Groth sees fest as an 'intimate artist's retreat'
In his four years as CineVegas director of programming, Trevor Groth has helped propel the fest’s rapid growth. Last year saw an 11% increase in attendance, to 80,000, and for the first time all the major studios were in attendance.
But Groth sees the fest as “an intimate artist’s retreat” and his goal is to bring in filmmakers who are pushing the boundaries and celebrate their work, so he doesn’t see the fest growing indefinitely.
“I don’t think it will ever be a Toronto (Film Festival),” he says. “CineVegas has the capability to go big, but that wouldn’t suit what the festival should be about.”
Groth has been essential in helping CineVegas find its personality — and its niche in Sin City.
Salt Lake City native was “obsessed” with movies as a child.
He has worked for the Sundance Film Festival since 1993 and today is a senior programmer there. He took his current post at CineVegas in 2002.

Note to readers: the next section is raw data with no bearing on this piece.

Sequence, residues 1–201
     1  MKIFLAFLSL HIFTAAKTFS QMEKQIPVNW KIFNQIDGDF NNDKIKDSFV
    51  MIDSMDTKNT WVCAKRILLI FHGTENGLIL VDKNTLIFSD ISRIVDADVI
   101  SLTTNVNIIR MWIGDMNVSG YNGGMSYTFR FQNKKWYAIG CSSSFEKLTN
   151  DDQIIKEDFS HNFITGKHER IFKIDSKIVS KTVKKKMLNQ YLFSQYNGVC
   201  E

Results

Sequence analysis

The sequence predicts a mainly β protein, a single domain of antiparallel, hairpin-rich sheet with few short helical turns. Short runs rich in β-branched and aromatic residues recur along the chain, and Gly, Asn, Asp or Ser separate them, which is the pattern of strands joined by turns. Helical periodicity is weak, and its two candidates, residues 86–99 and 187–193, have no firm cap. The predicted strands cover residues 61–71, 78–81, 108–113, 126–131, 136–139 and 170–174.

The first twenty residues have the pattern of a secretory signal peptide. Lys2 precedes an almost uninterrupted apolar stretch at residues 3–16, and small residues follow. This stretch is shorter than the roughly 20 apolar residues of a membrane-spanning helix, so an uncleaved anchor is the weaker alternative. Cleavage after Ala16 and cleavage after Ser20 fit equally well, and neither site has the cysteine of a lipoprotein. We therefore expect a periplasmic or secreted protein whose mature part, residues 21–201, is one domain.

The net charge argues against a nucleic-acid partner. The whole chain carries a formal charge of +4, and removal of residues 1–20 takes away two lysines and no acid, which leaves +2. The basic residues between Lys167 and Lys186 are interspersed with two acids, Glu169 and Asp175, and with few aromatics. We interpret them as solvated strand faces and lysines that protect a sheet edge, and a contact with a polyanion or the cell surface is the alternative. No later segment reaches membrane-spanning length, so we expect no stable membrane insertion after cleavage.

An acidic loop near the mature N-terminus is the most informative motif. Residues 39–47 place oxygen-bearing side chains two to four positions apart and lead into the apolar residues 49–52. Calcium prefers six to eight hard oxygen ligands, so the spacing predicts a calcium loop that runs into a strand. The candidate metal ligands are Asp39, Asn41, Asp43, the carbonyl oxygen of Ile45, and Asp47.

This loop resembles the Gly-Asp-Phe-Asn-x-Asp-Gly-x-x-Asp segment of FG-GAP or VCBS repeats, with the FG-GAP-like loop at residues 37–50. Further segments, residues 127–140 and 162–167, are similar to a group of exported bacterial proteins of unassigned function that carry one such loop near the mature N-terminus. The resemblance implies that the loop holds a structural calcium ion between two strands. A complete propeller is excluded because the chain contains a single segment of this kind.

Sundance has five programmers but CineVegas has just Groth and his associate director of programming Mike Plante. The pair select all of the CineVegas films — some 60 for this year. “We have a lot of freedom,” says Groth.
Groth says what’s really important, though, the numerous opportunities for dialogue between less experienced filmmakers and established pros — and, of course, the things that come with having a fest in Las Vegas.
“We are looking to do new things (here),” he says. “Creating a specific flavor. Embrace excess. Las Vegas is about making dreams come true.”